who must have buried them here and there and then forgot them 
(or died before retrieving them) and two seedlings came up in my 
back yard.  
Some of this harvest of black walnut seeds yet remains in my dry 
basement (they are a trial to shell), and when opened, still taste 
fine and look as always.  But are they alive when I shatter the shell, 
extract the meat and crunch it?  This is NOT a case of moral 
qualms akin to dropping a lobster in boiling water.  Curiosity on 
the length of viability of nuts.  I know that acorns and chestnuts 
have a short shelf-life life, being "wettish" seeds, but the firm, 
dryish and unroasted nut ("No peanuts need apply")?


Hello Ray,

Been a while since I heard from you. Hope you are well.

Regarding the nuts, it’s uncertain. You might have to actually try it to see as far as individual lots of nuts go.

The references that I found make a difference between “viable” and “sproutable”. There is a fine line there. They say that “viable” means “alive, but won’t sprout” and “sproutable, of course, means they’ll sprout if planted and/or watered. These days, the USDA requires that most nuts be washed, and some are actually heated to boiling or even pasteurized. However, this doesn’t make them “cooked” or “roasted” according to the law, so they can still be labeled “raw”. They are usually heat dried after washing, and in many cases the amount of heat used may be enough to render them unsproutable. The information is somewhat conflicting, though.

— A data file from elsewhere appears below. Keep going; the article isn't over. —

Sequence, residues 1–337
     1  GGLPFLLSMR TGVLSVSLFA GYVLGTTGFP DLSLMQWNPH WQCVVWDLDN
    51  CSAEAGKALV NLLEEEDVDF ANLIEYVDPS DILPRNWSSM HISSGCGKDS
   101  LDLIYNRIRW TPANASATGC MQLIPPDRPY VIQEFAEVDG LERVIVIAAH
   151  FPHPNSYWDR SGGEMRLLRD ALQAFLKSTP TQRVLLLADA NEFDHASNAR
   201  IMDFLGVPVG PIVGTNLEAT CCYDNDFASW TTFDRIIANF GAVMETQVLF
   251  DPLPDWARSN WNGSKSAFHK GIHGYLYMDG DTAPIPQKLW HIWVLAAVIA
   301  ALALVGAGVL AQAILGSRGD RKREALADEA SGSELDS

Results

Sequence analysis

This site says the USDA requires almonds to be pasteurized because there was a related salmonella outbreak a few years ago. However, if you look around the web, you can find “sproutable almonds” for sale, even on Amazon.

Renegade Health

This site has nut-by nut information and discusses “viability” vs. “sproutability”:

Living Foods

There is a nice chart here that shows viability and sproutablity of different kinds of nuts.

It appears, from what I read, that commercial filberts and walnuts are not usually sproutable, although they may be “viable”. As for almonds, I’d say if the label just says “raw” and doesn’t say “sproutable”, then it’s pretty iffy. The length of time the ones labeled “sproutable” would remain sproutable would vary according to age when purchased and on storage conditions, I’d say. For almonds stored at 70°, it’s supposed to be one year.

This site says ”hickory nuts and black walnuts remain viable after two years or more in storage.” This would refer to the ones you said you gathered and stored, not necessarily to commercial nuts that have been processed. This length of time, 2+ years, might also apply to filberts and walnuts if you gathered them yourself, but not to commercially processed nuts.


This site has some info in the notes at the bottom:

Note that what some people call “sprouted” almonds may not really be sprouted. They may just be “soaked” – no germination occurs and no root tissue is formed.

Hope the answer to your question is in there somewhere.


Please read the Instructions before requesting a recipe.

Please sign your real first name to all recipe requests.

Please don't type in all capital letters.

If you have more than one request, please send them in separate e-mails.

Send Requests to

Copyright © 2012, 2013 Phaedrus